Skip to content

Canada in Ukraine

Canada’s Policy Position on the Ukraine War: The Ugly Reasons

Canada’s number one foreign policy challenge is Ukraine. To date, Canada has sunk nearly $3 billion into this war and Justin Trudeau and his cabinet have been full-throated in their support for Ukraine and its entry into NATO.

To many, Justin Trudeau is an unserious person who cares very little about foreign policy issues. To that, add the fact the man seems a bit of a pacifist, or at the very least, he’s the least military-inclined leader in the West. When you put it all together, it makes Canada’s aggressive position on the war a rather peculiar one.  

Would you like to know the many reasons why Canada is supporting the endless war in Ukraine? Then read on.

But first, it’s important to acknowledge the following point:

Russia is Not a Threat to Canada (or NATO).

As best I can tell, there are two reasons to justify Canada’s engagement in Ukraine. First, as a democratic country, Canada is standing by its democratic cousin Ukraine in the face of Russian aggression and despotism. Second, as a member of NATO, we see the fight in Ukraine as necessary to prevent Russia from storming into Eastern Europe or the Baltics.

Both rationales are poorly informed. Regarding the first, we are not helping to defend a democratic cousin. Rather, all available evidence points to the fact that Ukraine is a proxy state created by the US. To be clear: Ukraine is a tool of US foreign policy. Aside from enriching the President of the United States’ immediate family members, the Americans see Ukraine as a tool to provoke and contain Russia. Is that foreign policy objective in the interest of Canada? I’m not sure it is, but that’s another post.  

Beyond this reality, the level of corruption in Ukraine (which existed long before the start of the war) is so widespread and deep, it is more accurate to call the country a kleptocracy versus a democracy. In the years 2020 to 2022, on the world’s corruption index, Ukraine was ranked 76th, languishing well behind countries such as Ecuador, Kuwait, Cuba, and China. By way of reference, Canada’s ranking was 14th (not a great result btw, but again, that’s another post).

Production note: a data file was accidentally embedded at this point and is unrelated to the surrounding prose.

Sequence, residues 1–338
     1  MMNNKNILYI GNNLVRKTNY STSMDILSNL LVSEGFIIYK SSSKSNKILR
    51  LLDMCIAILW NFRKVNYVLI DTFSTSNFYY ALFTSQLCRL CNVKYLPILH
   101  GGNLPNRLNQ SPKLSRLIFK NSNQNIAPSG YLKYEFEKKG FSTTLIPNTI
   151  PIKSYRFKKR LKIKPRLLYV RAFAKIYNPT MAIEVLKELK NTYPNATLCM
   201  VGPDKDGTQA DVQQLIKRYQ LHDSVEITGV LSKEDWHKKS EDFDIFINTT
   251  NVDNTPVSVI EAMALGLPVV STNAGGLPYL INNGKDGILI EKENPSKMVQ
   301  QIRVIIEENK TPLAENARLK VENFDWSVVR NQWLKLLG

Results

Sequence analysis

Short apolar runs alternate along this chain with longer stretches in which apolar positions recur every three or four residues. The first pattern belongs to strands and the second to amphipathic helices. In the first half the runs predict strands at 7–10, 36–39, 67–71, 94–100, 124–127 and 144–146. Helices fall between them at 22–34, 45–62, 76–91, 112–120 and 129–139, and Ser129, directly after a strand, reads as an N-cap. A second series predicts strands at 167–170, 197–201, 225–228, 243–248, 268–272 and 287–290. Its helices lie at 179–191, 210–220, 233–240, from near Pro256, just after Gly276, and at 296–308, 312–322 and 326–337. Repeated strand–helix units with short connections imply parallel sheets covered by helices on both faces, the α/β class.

The truth is that aside from there being several hundred thousand Canadians who have some kind of family connection with Ukraine, Canada has almost no geopolitical reason to throw in so vigorously with Zelinsky and his crew.   

Moving to the point that Russia is a military threat to the rest of Europe and that it is in NATO’s best interest to fight Russia in Ukraine than in one of its member countries (say Latvia or Poland), it became abundantly clear to NATO that by the first month of the invasion that Russia is and remains an incompetent shadow of the Red Army that marched from outskirts of Moscow to Berlin in the final year of WWII.

By almost every measure, Russia is a third-world state. And critically, this was known before the start of the conflict in Ukraine. The very idea that a country with an economy that is 1/14th the size of the United States would be able to take on the whole of NATO is beyond ludicrous. Combined, NATO’s defense spending is seventeen times what Russia spends on its military ($1.2 trillion vs $66 billion). Setting aside Russia’s nuclear weapons, find me the analyst in all of the Western world that would be able to argue with a straight face that Russia was a threat to NATO in February 2021, so I can give him the verbal beat down he so rightly deserves.